And now, today, my world is feeling pretty stable, with a dear partner who shared those skydiving years with me, and I continue to read quite a lot. These days, I usually read books on my Kindle, since my eyes are no longer able to spend endless hours over hard copy. But I still read and realize and am grateful for how much I have learned, and continue to learn, as I make my way towards the exit.

None of us knows for certain what the future holds, but I feel quite content in the life I have today. Of course, it could all be altered in a few minutes, but for the present moment I wouldn't change a thing. I wonder if the fabled earthquake will occur while I am still alive, or if we'll have our current political situation go kablooey, as it has in so many places around the world, or if it will continue along pretty much as it has for so many years now. Who knows? 

Since I have learned that my happiness does not come from external circumstances, but from how I perceive my life, it has made me feel much more serene in daily existence. I've had a lot of it now, many years to ponder and experience the vicissitudes of life. I've had many wonderful people over the years to share my life and thoughts with, and through the magic of the internet, I no longer feel the need to be present in corporeal form to have an entire community of friends.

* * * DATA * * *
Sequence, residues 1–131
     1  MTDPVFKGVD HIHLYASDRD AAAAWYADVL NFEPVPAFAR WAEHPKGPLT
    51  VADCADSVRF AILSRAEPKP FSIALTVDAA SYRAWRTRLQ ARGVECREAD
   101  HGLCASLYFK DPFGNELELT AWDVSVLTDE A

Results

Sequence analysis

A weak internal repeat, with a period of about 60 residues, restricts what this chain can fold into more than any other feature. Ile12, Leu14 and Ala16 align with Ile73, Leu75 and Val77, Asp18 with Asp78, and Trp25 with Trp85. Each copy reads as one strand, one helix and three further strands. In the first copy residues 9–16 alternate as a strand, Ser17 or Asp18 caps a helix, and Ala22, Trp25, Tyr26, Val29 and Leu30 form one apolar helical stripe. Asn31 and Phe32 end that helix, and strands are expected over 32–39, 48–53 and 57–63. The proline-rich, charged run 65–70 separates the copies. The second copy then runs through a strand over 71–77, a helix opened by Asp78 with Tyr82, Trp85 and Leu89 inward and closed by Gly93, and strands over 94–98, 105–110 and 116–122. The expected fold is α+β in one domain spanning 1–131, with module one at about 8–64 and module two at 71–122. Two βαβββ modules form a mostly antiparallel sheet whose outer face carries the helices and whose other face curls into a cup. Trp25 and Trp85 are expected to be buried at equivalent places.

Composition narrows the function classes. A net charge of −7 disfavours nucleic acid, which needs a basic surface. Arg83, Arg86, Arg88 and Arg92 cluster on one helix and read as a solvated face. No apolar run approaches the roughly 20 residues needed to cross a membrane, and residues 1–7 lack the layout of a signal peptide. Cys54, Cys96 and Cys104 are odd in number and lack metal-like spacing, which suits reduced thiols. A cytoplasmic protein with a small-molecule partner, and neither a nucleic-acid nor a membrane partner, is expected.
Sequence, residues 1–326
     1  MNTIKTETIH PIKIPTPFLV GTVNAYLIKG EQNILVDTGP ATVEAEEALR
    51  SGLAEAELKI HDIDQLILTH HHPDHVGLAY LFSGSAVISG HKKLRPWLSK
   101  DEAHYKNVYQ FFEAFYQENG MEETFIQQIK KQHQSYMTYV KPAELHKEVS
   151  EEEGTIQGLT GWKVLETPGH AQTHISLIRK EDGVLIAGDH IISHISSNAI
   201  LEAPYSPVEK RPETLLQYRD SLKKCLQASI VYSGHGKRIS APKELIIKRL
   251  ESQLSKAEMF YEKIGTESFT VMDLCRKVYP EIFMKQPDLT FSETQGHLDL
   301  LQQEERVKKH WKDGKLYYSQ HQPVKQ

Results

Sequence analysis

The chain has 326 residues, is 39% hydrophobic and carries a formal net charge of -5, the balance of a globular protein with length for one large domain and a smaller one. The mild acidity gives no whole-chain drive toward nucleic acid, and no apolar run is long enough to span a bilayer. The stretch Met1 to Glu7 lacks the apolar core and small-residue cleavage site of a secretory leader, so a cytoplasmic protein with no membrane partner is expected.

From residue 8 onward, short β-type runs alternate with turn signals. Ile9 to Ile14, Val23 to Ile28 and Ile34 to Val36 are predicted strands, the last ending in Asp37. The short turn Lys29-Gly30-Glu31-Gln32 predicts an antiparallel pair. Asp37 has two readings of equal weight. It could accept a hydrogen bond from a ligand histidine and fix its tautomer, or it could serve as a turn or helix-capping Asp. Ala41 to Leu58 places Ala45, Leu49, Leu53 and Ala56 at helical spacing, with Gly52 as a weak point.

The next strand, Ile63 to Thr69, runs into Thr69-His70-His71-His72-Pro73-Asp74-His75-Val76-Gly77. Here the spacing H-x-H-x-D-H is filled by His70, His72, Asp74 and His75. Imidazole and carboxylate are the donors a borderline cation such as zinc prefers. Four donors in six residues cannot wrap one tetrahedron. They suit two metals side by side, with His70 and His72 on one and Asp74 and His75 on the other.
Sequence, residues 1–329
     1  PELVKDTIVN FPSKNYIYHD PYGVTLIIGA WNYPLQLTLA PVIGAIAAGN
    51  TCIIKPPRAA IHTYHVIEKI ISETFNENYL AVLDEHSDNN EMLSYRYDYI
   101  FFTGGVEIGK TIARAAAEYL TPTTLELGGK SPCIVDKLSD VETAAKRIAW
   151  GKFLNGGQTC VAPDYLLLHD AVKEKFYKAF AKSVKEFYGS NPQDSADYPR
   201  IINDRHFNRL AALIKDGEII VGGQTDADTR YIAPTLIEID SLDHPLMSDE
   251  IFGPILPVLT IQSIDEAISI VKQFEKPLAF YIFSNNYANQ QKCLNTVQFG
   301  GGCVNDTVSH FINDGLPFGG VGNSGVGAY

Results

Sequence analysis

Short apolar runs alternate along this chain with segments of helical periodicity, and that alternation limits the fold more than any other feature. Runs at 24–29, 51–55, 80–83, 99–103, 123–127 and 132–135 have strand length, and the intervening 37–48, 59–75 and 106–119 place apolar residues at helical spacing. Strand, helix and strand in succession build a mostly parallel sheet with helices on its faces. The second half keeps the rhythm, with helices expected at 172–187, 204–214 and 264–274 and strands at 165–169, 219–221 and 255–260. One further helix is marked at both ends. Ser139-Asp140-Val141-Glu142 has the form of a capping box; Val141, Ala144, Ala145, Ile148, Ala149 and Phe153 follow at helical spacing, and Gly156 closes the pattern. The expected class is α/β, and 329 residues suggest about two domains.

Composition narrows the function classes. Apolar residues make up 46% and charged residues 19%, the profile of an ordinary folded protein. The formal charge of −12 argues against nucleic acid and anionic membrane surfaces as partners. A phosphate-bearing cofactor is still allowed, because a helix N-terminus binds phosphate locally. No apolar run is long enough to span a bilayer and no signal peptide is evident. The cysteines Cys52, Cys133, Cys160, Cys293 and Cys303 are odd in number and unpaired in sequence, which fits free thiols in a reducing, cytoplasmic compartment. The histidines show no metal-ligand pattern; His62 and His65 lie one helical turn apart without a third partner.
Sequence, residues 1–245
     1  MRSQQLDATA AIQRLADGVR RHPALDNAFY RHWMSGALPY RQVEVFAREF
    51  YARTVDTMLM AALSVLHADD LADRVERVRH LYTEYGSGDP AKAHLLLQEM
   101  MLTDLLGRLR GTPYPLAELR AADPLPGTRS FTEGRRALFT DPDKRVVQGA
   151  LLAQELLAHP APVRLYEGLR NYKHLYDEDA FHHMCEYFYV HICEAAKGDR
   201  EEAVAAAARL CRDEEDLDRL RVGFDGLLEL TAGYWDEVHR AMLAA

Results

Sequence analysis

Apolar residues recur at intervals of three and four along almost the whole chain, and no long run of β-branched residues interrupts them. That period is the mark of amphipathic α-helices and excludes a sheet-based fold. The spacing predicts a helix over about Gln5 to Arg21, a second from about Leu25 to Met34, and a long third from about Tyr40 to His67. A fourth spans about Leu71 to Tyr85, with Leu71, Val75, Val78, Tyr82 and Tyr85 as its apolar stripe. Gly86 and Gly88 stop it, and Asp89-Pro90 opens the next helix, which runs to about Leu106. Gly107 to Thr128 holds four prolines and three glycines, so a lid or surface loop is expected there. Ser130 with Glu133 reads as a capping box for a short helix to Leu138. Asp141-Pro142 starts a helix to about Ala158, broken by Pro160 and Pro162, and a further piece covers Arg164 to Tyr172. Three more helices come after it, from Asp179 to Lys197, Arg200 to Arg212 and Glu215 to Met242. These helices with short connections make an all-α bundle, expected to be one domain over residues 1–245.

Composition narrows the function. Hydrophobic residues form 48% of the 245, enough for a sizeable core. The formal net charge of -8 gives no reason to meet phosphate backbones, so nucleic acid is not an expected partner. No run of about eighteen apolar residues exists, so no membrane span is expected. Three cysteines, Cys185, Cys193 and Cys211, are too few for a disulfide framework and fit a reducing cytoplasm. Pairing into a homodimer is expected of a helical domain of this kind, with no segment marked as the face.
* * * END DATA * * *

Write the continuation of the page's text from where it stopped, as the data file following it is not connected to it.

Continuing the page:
My dear partner still sleeps next to me as I begin to wrap up this post and look to the day ahead. As usual, John will pick me up for breakfast in Fairhaven, and then I'll go bowling with my dear friends Lily and Lamont. It's shaping up to become another wonderful day. I do hope you will have a lovely week ahead. Until we meet again next week, I wish you all good things, dear friends.

Sunday, January 15, 2023

Respite from the rain

Bellingham Bay yesterday